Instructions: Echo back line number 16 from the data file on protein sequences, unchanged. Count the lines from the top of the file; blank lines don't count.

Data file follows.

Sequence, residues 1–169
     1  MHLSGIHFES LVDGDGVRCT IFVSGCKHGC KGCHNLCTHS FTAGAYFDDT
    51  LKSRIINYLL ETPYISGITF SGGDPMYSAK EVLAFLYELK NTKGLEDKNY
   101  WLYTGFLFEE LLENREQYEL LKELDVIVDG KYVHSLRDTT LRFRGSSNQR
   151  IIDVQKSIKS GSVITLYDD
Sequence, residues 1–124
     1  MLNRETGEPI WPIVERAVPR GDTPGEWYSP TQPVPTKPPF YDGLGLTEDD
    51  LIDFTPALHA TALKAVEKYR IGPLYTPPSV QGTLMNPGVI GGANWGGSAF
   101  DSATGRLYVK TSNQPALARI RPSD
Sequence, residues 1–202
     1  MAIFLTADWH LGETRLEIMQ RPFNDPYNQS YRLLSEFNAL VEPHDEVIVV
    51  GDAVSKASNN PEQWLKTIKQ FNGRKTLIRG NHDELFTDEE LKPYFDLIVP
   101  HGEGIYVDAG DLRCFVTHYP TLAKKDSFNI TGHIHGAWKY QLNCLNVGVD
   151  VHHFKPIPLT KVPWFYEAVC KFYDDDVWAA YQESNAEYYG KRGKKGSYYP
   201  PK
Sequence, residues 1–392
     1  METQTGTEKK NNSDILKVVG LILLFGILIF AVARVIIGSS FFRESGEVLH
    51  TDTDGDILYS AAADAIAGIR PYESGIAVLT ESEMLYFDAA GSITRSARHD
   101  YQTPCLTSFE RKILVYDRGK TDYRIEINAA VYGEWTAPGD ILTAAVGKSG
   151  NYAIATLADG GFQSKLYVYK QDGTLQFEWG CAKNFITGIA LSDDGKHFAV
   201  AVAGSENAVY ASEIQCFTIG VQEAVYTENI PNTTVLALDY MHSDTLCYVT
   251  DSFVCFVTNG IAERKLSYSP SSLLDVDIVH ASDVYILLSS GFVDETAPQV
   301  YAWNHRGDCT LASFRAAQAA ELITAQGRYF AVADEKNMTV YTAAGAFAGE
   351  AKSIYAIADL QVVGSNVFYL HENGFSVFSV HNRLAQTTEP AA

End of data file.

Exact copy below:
Sequence, residues 1–392